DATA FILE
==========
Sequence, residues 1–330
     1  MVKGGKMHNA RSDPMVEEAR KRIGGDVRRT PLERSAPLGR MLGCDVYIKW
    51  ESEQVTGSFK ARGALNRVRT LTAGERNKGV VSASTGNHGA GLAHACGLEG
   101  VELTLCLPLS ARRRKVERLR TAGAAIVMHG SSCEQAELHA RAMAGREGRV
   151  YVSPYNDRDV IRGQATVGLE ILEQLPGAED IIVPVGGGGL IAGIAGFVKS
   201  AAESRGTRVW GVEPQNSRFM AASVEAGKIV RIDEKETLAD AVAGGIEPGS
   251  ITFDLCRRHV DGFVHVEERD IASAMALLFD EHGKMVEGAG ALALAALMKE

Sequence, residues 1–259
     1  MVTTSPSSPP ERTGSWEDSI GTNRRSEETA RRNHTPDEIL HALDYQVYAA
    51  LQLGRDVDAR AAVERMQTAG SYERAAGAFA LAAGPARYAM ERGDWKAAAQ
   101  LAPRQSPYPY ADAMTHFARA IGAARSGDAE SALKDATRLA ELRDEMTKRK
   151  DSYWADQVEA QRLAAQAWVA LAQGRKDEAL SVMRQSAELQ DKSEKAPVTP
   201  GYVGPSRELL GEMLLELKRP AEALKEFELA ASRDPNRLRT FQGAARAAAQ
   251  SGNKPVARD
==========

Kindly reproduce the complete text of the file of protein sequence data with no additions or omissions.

Sequence, residues 1–330
     1  MVKGGKMHNA RSDPMVEEAR KRIGGDVRRT PLERSAPLGR MLGCDVYIKW
    51  ESEQVTGSFK ARGALNRVRT LTAGERNKGV VSASTGNHGA GLAHACGLEG
   101  VELTLCLPLS ARRRKVERLR TAGAAIVMHG SSCEQAELHA RAMAGREGRV
   151  YVSPYNDRDV IRGQATVGLE ILEQLPGAED IIVPVGGGGL IAGIAGFVKS
   201  AAESRGTRVW GVEPQNSRFM AASVEAGKIV RIDEKETLAD AVAGGIEPGS
   251  ITFDLCRRHV DGFVHVEERD IASAMALLFD EHGKMVEGAG ALALAALMKE

Sequence, residues 1–259
     1  MVTTSPSSPP ERTGSWEDSI GTNRRSEETA RRNHTPDEIL HALDYQVYAA
    51  LQLGRDVDAR AAVERMQTAG SYERAAGAFA LAAGPARYAM ERGDWKAAAQ
   101  LAPRQSPYPY ADAMTHFARA IGAARSGDAE SALKDATRLA ELRDEMTKRK
   151  DSYWADQVEA QRLAAQAWVA LAQGRKDEAL SVMRQSAELQ DKSEKAPVTP
   201  GYVGPSRELL GEMLLELKRP AEALKEFELA ASRDPNRLRT FQGAARAAAQ
   251  SGNKPVARD